Almost ten years later here is Kapow!, Thirlwell’s fourth book. The central story is that of a few people involved in the recent Egyptian Spring. Rustam, a taxi driver, and his wife Nigora are accidently drawn into the revolution. Their story is related by Faryaq, another cabdriver, this time in London, to the narrator of the novel we are reading. This narrator is a practiced apathete who heightens his disinterest in world affairs by constant marijuana-smoking and overeating. (‘I have no expertise in it. I’m only, after all, a very multiple sarcasm.’) He admits to being more concerned about texting his East London friends than listening to Faryaq’s story. But after a while he gets drawn in by a love story between Nigora and a young, hip filmmaker called Ahmad which occurs on the periphery of the political narrative. But here’s the rub: our narrator is in the habit of indicating which bits of the book are Faryaq’s germ and which bits he has embellished, imagined or added on. And all the bits between Nigora and Ahmad – the bits which made the narrator interested in the first place – seem to be the bits he’s made up. And yes, this unnamed narrator bares all the stylistic marks of Thirlwell’s pervious formally flippant, sarcastic narrators.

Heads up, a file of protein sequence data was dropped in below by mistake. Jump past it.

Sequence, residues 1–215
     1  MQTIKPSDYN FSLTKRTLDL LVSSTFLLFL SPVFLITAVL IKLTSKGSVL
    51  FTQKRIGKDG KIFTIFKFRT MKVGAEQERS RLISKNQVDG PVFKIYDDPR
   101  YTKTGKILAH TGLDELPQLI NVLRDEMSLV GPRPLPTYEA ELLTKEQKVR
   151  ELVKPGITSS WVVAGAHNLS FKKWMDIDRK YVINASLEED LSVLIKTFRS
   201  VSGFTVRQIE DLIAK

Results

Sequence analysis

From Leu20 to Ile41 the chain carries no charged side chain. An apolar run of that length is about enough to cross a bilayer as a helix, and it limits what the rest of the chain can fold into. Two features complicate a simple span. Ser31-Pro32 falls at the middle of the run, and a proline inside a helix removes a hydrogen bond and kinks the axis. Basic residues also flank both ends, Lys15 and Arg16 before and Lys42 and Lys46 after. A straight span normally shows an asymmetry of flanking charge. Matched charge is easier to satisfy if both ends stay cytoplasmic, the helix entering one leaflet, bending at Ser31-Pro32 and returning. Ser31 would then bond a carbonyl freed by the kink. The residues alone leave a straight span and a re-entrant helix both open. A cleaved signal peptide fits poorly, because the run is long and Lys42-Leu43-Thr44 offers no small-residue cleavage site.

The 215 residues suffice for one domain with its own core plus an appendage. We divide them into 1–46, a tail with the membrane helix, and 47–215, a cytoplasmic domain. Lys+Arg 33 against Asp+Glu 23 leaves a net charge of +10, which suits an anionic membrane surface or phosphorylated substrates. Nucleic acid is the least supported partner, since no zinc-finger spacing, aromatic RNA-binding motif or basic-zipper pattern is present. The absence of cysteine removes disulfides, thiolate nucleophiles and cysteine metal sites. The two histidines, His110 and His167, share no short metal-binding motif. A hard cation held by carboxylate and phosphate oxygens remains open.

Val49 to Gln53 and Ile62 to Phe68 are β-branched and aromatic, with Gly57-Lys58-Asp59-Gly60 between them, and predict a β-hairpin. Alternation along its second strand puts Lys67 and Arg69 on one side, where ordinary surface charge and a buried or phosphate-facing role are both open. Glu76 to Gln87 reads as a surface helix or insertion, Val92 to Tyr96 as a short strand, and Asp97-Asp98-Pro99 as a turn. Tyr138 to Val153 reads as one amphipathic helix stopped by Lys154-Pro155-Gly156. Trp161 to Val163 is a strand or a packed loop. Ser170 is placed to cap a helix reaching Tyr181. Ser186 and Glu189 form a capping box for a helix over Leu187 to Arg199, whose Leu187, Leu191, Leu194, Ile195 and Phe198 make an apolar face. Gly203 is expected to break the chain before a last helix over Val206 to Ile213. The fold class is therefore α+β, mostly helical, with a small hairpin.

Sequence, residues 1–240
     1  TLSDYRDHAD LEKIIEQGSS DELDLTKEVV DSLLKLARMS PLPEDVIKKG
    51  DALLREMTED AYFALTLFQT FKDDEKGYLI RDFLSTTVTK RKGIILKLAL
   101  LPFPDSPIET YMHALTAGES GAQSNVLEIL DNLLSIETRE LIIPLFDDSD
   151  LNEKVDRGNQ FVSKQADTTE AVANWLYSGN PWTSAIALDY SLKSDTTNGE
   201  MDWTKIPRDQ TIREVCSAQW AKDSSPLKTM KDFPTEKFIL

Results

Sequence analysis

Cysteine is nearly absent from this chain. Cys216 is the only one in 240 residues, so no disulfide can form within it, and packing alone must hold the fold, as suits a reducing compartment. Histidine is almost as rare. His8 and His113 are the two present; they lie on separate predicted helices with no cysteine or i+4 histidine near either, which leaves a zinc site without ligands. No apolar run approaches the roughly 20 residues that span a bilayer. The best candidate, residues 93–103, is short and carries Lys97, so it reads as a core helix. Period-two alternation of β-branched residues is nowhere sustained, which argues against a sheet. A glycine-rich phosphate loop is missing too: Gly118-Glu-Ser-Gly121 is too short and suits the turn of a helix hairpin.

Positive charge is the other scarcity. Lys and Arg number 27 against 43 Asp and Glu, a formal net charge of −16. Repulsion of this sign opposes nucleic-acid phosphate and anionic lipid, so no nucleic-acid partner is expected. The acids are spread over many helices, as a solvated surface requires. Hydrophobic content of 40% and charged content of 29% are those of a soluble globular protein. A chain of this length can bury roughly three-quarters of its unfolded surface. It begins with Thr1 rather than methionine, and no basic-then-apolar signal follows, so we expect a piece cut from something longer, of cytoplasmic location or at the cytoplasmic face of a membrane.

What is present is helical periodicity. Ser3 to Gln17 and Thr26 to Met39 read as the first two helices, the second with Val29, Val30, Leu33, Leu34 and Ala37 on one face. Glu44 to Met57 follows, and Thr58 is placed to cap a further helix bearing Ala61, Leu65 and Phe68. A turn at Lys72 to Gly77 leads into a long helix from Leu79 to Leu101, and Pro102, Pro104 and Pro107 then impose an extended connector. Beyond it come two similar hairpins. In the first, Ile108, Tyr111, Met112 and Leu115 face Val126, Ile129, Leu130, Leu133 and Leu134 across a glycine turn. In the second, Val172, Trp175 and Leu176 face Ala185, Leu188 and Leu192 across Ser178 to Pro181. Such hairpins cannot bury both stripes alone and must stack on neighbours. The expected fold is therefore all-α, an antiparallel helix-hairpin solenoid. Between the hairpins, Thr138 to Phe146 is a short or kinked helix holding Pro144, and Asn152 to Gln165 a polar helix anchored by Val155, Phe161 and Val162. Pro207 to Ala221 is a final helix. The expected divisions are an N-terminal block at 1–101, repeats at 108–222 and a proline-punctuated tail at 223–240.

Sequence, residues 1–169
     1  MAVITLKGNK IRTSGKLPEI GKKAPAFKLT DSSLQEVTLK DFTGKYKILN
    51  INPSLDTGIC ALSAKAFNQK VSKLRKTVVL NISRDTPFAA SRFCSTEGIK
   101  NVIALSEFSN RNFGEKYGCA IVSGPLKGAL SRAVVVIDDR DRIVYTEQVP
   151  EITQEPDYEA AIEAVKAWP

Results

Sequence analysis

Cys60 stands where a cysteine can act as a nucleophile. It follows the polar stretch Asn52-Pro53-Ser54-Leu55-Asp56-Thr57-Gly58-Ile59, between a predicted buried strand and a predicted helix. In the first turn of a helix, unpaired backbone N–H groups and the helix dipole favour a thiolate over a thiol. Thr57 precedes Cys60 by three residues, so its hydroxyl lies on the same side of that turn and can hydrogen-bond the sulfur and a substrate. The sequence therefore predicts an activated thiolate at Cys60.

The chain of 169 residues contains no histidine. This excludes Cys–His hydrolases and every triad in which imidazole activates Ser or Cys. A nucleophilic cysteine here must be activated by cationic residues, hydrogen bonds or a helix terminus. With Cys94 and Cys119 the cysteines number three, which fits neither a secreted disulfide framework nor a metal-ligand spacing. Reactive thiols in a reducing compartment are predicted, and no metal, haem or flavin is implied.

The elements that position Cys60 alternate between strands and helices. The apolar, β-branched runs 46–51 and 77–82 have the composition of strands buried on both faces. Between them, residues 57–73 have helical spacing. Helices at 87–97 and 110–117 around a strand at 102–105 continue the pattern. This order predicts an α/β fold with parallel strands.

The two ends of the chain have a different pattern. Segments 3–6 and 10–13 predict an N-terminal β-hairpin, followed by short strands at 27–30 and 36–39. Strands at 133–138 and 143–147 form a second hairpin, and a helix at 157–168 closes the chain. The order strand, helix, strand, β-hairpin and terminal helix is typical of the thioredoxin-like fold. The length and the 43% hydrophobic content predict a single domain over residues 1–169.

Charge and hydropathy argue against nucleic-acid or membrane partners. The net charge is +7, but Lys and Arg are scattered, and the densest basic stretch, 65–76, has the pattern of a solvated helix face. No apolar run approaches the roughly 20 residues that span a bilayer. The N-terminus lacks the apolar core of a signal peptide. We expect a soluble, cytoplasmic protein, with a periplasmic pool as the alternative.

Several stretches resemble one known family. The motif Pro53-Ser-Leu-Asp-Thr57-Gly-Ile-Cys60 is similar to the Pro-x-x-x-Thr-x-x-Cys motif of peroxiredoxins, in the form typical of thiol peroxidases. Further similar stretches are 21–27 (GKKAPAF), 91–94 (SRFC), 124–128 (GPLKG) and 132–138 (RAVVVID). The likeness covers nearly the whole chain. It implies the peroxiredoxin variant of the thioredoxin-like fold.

Has Thirlwell learnt how to be immature yet? He’s had four books to master it, and if he’s still using the old devices now, what type of immature does that make him? His persistence, the refusal for his treatment of immaturity to show signs of development could well be part of the joke’s sophisticated immaturity. But where does that leave the innovator? Why, out of all the fantastic routes he could go down, must he keep to the ones with the road works? If he does this for another book, he risks giving the impression he doesn’t know how to do anything else.